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Privacy Watchdogs Need Greater Powers, EU’s Justice Chief Says

Data-protection authorities in the European Union must have greater powers to better enforce privacy rules across the 27-nation region, the EU’s justice commissioner said.

“The authorities responsible for data protection must be provided with sufficient powers to enforce the law and they must have sufficient resources to exercise their powers,” Viviane Reding said in prepared remarks of a speech in Brussels today. “We need legal certainty and a level-playing field for all businesses that handle personal data of our citizens.”

Reding last year proposed an overhaul of the EU’s 16-year- old data-protection policies to address online advertising and social-networking sites. The law, which the regulator intends to formally publish by February, may include stricter sanctions, such as criminal penalties, and the option for consumer groups to file lawsuits.

Companies, like consumers, need “a one-stop-shop when it comes to data-protection matters, one law and one single data protection authority for each business; that of the member state in which they have their main establishment,” said Reding.

Current rules mean any company operating in the EU has to abide by 27 different interpretations of the region’s rules on privacy.

“The administrative burden associated with this fragmentation costs businesses an estimated 2.3 billion euros ($3.08 billion) per year,” said Reding.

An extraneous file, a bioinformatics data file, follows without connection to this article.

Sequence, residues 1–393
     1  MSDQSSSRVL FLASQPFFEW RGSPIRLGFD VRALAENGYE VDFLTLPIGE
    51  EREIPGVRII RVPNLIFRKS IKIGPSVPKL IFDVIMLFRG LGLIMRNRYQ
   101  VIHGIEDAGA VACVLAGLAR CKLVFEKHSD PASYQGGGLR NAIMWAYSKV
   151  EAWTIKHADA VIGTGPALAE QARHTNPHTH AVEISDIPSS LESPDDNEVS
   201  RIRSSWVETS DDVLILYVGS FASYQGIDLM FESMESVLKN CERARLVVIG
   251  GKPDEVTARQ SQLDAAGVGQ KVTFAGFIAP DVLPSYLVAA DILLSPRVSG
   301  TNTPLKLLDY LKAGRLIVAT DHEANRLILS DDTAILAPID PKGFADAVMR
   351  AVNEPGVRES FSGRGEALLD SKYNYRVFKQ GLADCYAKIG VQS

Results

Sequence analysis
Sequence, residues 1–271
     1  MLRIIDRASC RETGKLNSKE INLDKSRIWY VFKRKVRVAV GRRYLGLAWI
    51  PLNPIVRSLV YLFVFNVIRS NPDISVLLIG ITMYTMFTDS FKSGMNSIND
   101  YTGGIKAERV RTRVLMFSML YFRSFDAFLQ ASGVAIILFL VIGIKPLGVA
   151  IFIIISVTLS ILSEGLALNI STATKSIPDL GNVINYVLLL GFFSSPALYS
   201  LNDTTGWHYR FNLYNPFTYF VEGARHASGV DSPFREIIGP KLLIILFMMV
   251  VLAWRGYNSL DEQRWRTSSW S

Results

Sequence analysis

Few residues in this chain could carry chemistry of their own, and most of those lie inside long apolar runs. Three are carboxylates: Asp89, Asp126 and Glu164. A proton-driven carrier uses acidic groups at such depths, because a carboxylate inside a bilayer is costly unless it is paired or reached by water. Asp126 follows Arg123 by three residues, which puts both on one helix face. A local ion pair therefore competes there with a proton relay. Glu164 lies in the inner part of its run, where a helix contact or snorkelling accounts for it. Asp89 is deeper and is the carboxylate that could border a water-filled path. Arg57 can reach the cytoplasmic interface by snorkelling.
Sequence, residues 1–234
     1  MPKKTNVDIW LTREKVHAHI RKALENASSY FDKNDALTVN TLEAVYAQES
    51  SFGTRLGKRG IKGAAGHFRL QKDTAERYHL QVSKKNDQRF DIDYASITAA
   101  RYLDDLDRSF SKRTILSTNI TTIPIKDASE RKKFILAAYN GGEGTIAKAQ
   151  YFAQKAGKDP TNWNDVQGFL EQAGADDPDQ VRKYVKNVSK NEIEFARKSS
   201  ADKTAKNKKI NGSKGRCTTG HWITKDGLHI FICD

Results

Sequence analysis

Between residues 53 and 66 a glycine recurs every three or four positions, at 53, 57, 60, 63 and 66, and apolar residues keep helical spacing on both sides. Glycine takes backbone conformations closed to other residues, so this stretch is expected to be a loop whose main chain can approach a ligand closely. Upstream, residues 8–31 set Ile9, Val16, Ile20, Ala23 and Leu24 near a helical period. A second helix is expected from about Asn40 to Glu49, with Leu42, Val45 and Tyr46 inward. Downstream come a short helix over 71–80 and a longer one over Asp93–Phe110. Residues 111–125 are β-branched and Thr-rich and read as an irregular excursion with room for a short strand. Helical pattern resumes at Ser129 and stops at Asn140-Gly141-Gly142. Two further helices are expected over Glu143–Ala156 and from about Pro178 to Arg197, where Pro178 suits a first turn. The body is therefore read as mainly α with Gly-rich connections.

The reformed privacy law in the EU will strengthen the coordination and cooperation between national data protection authorities to ensure the rules are enforced consistently, said Reding.

Data Breaches

The commissioner also reiterated her plans to introduce a general obligation for anyone controlling data to notify regulators and individuals when a data breach is discovered.

The new rules should ensure that “individuals are sufficiently informed when their personal data is lost, stolen or breached,” she said. Reding cited the incident of a security breach at Sony Corp. (6758) that exposed 77 million online accounts on the company’s PlayStation Network and Qriocity online services video-and music-streaming services.

“This incident highlighted why companies need to reinforce the security of the information they hold,” she said. “Frequent data security breaches risk undermining consumers’ trust in the digital economy.”

To contact the reporter on this story: Stephanie Bodoni in Luxembourg at sbodoni@bloomberg.net

To contact the editor responsible for this story: Anthony Aarons at aaarons@bloomberg.net

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